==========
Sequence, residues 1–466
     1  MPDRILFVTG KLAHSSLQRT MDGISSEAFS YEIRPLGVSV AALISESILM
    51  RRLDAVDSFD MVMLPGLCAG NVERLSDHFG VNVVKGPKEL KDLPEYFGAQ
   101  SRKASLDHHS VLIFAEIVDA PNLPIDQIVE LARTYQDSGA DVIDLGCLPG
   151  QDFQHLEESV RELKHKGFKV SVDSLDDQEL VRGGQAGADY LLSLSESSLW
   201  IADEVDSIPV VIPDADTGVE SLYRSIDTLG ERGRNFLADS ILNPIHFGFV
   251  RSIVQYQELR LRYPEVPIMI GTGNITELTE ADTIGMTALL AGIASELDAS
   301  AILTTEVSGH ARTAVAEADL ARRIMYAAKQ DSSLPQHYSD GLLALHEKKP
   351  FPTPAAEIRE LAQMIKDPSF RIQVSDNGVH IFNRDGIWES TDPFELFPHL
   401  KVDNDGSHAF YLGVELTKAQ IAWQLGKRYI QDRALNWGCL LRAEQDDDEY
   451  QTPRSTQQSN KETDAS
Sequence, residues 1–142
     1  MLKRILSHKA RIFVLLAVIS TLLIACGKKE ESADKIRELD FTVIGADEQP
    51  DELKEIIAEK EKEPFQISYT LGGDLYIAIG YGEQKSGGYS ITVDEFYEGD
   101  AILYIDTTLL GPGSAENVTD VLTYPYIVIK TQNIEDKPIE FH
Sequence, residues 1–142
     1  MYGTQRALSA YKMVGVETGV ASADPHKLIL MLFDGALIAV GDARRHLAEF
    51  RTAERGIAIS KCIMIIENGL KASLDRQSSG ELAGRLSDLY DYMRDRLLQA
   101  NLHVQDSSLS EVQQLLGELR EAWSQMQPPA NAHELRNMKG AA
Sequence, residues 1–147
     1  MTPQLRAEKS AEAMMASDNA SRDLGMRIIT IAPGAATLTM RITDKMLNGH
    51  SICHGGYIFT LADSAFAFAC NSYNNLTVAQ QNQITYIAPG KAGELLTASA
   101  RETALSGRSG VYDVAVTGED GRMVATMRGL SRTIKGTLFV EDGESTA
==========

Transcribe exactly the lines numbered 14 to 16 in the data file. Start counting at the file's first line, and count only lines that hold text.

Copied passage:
    51  DELKEIIAEK EKEPFQISYT LGGDLYIAIG YGEQKSGGYS ITVDEFYEGD
   101  AILYIDTTLL GPGSAENVTD VLTYPYIVIK TQNIEDKPIE FH
Sequence, residues 1–142